You may have seen a similar look on the eyes of various politicians over the last few years when they were challenged to answer questions on times tables and the like. Nicky Morgan, George Osborne, Ed Balls have all been there. Eyes glaze in panic, throats constrict, and to a man or woman they sternly refuse to countenance performing any such mathematical exploits in front of a camera. No doubt they all have memories of Dan Quayle mis-spelling potato that must be a mandatory part of every party’s training programme for would-be politicians. Fifteen seconds for you to enjoy forever in the comfort of your own home thanks to the wonders of YouTube ( None of us normal mortals will ever forget those bowel-churning, soggy-brained moments, which is why we are all impressed by folk who take on Mastermind, University Challenge and Who Wants To Be A Millionaire.

Now one of the things that fills my life these days with delight and fun is working with groups of student teachers undertaking initial training. If anyone outside gets gloomy and doomy about the future of the profession I just gently point out that there is an almost universal opinion that currently we are producing some of the finest teachers ever. I tend to be of that opinion myself, especially when the sessions are going well.

So when we hit a bump going along their pedagogical highway, I really do stop short to think what is going awry. The last place I would usually tend to attribute any blame is with the trainees, given their bright eyes, performance and reputation. The vast majority are relentlessly enthusiastic about learners and learning, so if I hit something that causes them an issue, there is real cause for reflection. And last week I was doing some coding in a session and I spotted some of the same terrified glazed eyes I had seen in that Victorian classroom. And realised that debugging a code example displayed on a classroom projector for some can be just as terrifying an experience as that mental maths based on £ s d calculations on a dusty blackboard. Even when I didn’t have a cane under my arm.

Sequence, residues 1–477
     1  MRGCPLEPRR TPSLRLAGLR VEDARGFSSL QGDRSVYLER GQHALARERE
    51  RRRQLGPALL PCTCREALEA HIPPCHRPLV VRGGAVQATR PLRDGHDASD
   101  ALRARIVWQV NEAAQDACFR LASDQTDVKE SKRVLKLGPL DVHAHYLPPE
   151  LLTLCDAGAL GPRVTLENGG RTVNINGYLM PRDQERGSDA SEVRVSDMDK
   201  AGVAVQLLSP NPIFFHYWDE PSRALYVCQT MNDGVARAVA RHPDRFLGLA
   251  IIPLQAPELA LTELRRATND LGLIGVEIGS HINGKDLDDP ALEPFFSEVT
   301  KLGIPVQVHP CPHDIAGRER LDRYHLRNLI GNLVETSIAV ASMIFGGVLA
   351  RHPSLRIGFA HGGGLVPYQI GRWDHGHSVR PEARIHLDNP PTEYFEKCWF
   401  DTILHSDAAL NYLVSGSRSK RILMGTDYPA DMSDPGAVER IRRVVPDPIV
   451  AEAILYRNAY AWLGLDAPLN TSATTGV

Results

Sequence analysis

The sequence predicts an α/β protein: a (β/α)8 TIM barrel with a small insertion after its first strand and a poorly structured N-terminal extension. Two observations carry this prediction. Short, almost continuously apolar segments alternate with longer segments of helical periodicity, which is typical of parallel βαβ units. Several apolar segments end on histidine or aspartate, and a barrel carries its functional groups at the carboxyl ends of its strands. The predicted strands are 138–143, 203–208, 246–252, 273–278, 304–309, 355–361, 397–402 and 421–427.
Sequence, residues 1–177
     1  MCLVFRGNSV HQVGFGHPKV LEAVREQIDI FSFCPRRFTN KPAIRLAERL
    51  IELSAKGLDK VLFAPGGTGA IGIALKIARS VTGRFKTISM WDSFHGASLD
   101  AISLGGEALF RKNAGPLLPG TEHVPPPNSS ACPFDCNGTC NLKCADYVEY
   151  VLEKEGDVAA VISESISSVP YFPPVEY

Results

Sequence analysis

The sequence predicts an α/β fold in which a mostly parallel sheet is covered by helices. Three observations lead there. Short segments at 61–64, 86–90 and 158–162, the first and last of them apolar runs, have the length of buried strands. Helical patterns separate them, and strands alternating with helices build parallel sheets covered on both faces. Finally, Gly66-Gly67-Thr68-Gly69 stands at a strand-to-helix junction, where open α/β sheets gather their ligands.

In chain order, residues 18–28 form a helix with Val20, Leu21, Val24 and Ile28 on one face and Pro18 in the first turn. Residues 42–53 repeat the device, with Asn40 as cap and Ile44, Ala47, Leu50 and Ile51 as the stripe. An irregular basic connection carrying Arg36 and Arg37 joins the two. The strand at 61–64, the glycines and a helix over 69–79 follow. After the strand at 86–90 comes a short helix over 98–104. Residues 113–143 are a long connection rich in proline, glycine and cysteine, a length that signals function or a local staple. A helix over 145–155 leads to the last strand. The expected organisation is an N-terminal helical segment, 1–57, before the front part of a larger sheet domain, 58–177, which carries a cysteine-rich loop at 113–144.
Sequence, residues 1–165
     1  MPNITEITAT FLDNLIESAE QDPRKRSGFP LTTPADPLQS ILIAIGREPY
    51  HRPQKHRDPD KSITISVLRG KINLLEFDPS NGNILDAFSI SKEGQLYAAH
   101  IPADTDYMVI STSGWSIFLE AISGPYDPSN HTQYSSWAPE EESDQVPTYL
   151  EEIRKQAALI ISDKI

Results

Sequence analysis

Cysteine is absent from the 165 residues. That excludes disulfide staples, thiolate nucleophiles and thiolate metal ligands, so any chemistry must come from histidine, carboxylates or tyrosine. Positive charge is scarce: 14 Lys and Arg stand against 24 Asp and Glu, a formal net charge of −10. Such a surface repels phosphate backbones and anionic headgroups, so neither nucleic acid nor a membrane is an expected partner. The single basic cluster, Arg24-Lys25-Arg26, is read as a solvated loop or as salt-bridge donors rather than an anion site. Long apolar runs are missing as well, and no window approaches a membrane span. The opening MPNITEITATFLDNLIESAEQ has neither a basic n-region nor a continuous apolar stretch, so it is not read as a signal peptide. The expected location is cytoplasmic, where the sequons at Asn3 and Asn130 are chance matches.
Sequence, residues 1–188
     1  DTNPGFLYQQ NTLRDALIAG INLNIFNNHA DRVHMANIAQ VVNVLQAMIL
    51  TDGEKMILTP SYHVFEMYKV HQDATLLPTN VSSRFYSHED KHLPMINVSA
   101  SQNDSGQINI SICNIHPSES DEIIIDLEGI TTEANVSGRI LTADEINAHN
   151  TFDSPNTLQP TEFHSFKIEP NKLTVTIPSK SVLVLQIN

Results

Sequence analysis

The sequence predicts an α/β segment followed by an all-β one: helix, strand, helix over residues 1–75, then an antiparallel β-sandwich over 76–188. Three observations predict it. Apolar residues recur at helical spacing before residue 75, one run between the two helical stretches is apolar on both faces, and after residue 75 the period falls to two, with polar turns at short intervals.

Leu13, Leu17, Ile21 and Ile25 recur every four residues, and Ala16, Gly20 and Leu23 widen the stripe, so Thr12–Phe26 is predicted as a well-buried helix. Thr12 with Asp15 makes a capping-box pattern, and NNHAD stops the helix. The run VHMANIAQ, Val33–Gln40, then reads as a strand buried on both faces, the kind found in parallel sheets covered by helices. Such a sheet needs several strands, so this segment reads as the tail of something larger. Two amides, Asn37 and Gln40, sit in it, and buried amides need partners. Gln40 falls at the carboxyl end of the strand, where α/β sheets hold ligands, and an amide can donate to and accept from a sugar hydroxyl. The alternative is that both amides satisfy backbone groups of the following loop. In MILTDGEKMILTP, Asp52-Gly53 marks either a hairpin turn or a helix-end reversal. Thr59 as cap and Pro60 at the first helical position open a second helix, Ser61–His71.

It was actually a great teaching moment. We stopped and explored their memories of mental maths and random questions in their own primary classrooms, over 100 years later than the Victorian. And a significant proportion of a group of ICT specialist trainees admitted a hatred of maths based on those stomach-churning classroom moments. Like me, they were competent at calculation, but had been left emotionally scarred and with a dislike for the subject through undoubtedly well-meaning but fear-inducing pedagogy. For some my well-meaning attempt to get them to debug a piece of code had aroused similar feelings.

Now I should stress that this was only a subset of the group. Others relished the challenge and enjoyed the activity, whilst others were not emotionally involved either way. But it is a salutary thought that if we are still scarring a significant proportion of primary children with approaches to maths teaching after centuries of practice, we need to be quite careful as we introduce programming into the curriculum. We really shouldn’t inadvertently alienate a group of children, who might well have enjoyed the activity, by using a pedagogy that leaves them with similar bowel-churning feelings about code.

* – pink was a printers’ compromise for red when printing maps showing which countries were part of the British Empire